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Connecticut Touts Real Estate Boom Stemming From Pandemic

Feb 23, 2021
Fuse / Thinkstock

Thousands of new residents have come to Connecticut during the coronavirus pandemic with workers in New York, Boston and elsewhere looking to relocate as they work from home, the state’s economic development officials said.

Nicolas Boullosa / Creative Commons

One of the few silver linings of the pandemic has been a resurgence of interest in motels and RV life from a diverse group of millennials who want safe and less expensive options to travel and work during a pandemic.

And motels and RV companies are trying to meet the demand with upgrades and amenities like flat-screen TVs, memory-foam mattresses, and free Wi-Fi.

Some are turning to RV life permanently to travel, live, and work from where they want instead of being tethered to a desk and real estate. The pandemic has shown us that millennials who have never known the security of stable jobs or home ownership feel more "at home" outside traditional places.

JOE RAEDLE / Getty Images

The pandemic-induced recession has left Connecticut legislators with one of their tightest credit card limits in recent history — less than one-seventh their 2020 level.

But it remains to be seen whether they’ll accept that or challenge both Gov. Ned Lamont and Wall Street to borrow more to assist colleges, businesses, municipalities and social services.

Andrew E. Larsen / flickr creative commons

Kurt Andersen's last book, Fantasyland, looks at America's "centuries-old weakness for the untrue and irrational, and its spontaneous and dangerous flowering since the 1960s" and how it got us where we are today.

His new book, Evil Geniuses, is a kind of sequel, a companion. It's a parallel history, really, that looks more closely at "the quite deliberate reengineering of our economy and society since the 1960s."

This hour, public radio great Kurt Andersen on "the unmaking of America."

Can Opportunity Zones Revive Struggling Neighborhoods?

Dec 14, 2020
A building in downtown New London’s Opportunity Zone that is planned for mixed-use redevelopment. City development director Felix Reyes says restoration of a small building can revive a whole street.
Tom Condon / CTMirror.org

In early September, Brian Marois, a Republican on Manchester’s board of directors — its governing body — proposed a redevelopment project for a vacant school building, saying it was ideal for attracting private investment because it sat in one of the town’s two Opportunity Zones.

Roger Cohen, a former columnist and current Paris bureau chief for The New York Times, longs for a return to decency - a moral shift away from a Trump Presidency characterized by retreat, self-obsession, and a lack of respect for truth or decency.

He welcomes the tenor he anticipates President-elect Biden will bring to the White House, but cautions against a return to the status quo. Too much has changed that still threatens liberalism and the Western alliance. 

What Brandon Fritze misses most this year is belting out Coldplay's "Yellow" at karaoke sessions with his friends.

"I was a big karaoke guy," said Fritze. "I'd be going to the karaoke bar pretty much every night. But since the pandemic started, the bar's been shut down and that wasn't an option. I don't think I've sung in eight months now."

Connecticut Ranks Last In Personal Income Growth Over Past Year

Nov 11, 2020

Connecticut is paying a stiff price for more than a decade of poor growth in high-paying jobs.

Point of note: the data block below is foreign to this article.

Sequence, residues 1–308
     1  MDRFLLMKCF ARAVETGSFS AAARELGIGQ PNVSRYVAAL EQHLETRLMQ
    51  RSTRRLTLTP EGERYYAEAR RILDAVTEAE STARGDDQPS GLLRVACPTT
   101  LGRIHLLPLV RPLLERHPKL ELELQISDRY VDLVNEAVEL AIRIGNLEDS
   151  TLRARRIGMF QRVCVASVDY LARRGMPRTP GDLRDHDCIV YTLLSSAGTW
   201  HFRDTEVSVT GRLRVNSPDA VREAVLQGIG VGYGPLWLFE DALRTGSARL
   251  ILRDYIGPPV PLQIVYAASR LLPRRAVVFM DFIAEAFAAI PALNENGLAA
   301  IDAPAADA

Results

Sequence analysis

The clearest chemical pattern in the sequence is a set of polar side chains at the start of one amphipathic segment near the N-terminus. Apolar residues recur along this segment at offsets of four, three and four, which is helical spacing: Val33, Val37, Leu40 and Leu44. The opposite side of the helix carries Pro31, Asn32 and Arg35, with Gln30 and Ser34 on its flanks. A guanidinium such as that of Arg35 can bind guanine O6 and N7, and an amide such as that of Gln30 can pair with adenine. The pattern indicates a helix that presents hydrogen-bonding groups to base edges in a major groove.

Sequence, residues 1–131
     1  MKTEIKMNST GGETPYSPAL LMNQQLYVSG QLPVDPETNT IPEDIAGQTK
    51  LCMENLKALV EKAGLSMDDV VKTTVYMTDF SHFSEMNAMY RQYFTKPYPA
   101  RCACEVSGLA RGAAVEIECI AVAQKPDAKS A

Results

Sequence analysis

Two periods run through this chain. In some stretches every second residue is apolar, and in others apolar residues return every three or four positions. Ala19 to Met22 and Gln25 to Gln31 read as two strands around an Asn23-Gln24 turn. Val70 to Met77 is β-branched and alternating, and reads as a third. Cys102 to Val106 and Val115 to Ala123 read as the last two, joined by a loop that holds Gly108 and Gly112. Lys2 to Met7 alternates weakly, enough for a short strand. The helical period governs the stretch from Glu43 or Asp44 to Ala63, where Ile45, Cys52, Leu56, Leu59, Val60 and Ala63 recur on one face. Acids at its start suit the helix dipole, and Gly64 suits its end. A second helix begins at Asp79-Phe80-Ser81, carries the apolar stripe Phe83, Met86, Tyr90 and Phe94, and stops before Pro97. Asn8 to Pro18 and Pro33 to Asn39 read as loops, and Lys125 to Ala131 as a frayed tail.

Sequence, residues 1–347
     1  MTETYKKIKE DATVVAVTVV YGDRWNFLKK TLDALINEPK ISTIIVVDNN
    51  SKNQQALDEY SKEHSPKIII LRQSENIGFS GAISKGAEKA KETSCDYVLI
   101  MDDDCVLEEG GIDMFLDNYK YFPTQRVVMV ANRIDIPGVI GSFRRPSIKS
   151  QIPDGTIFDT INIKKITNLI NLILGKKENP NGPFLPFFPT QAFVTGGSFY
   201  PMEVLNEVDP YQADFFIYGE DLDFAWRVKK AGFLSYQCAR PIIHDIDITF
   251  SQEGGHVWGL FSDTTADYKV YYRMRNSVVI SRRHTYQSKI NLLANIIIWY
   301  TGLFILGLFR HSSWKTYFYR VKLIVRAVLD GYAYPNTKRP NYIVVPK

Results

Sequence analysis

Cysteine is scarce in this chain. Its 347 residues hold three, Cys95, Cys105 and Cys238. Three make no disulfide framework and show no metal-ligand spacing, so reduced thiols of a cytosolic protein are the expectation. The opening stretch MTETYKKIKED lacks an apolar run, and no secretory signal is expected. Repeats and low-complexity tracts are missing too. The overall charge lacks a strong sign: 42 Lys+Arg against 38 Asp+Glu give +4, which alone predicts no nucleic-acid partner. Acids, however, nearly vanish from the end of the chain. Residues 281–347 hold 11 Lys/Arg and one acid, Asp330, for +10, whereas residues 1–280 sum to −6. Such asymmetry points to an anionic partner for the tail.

Unprecedented federal unemployment assistance pushed personal income nationally up 10 percent amidst the pandemic. But Connecticut — with an economy dominated by retail and hospitality jobs — ranked dead last with only half the national wage growth, according to a new analysis from Pew Charitable Trusts.

Brian A. Pounds / Hearst Connecticut Media

The principle of inclusive economic growth, holistic strategies aimed at helping all income groups prosper, is appealing in concept to state Sen. Saud Anwar, a physician for the past 25 years.

But in practice in Connecticut, it sometimes amounts to offering medicine to an asthmatic child trapped in a moldy, run-down apartment and hoping for the best. Medicine generally is helpful, but if offered within an overwhelmingly negative climate — one that’s unlikely to change — the prospects for measurable improvement are slim.

lesjbohlen / Pixabay

COVID cases in Connecticut continue to rise, and the majority of residents now live in what the state defines as “red zones”. Governor Lamont has ordered a voluntary curfew and the state has required restaurants to begin shutting down starting at 9:30 p.m., with doors closed by 10 p.m.

But what will this mean for an industry already on a knife’s edge financially?

We hear from a restaurant owner and an industry leader.

And, with winter approaching, is there a way to enjoy restaurant dining safely? We talk to an epidemiologist about how we should consider the risks of indoor dining during a winter COVID spike.

The Connecticut Center for Economic Analysis at UConn issued a grim forecast for the state’s economy Friday.
Frankie Graziano / Connecticut Public Radio

Connecticut likely will struggle for a decade or longer to undo the economic damage created by the coronavirus pandemic, a University of Connecticut think tank warned Friday.

In its first long-term forecast, the Connecticut Center for Economic Analysis also warned the state was headed for financial trouble even before the pandemic struck, having failed for more than a decade to make vital investments in information technology.

Frankie Graziano / Connecticut Public

Jobs at Pratt & Whitney, the jet engine maker headquartered in East Hartford, may soon be cut due to the devastating impact of the COVID-19 pandemic on commercial air travel.

Bernardo Wolff / Creative Commons

The populist backlash that led to the election of President Trump was decades in the making.  Like other populist leaders around the world, Trump gave voice to the resentment directed toward “elites” who devalue the hard work and dignity of workers without college degrees.

Nicolas Boullosa / Creative Commons

One of the few silver linings of the pandemic has been a resurgence of interest in motels and RV life from a diverse group of millennials who want safe and less expensive options to travel and work during a pandemic.

And motels and RV companies are trying to meet the demand with upgrades and amenities like flat-screen TVs, memory-foam mattresses, and free Wi-Fi.

Some are turning to RV life permanently to travel, live, and work from where they want instead of being tethered to a desk and real estate. The pandemic has shown us that millennials who have never known the security of stable jobs or home ownership feel more "at home" outside traditional places.

Andrew E. Larsen / flickr creative commons

Kurt Andersen's last book, Fantasyland, looks at America's "centuries-old weakness for the untrue and irrational, and its spontaneous and dangerous flowering since the 1960s" and how it got us where we are today.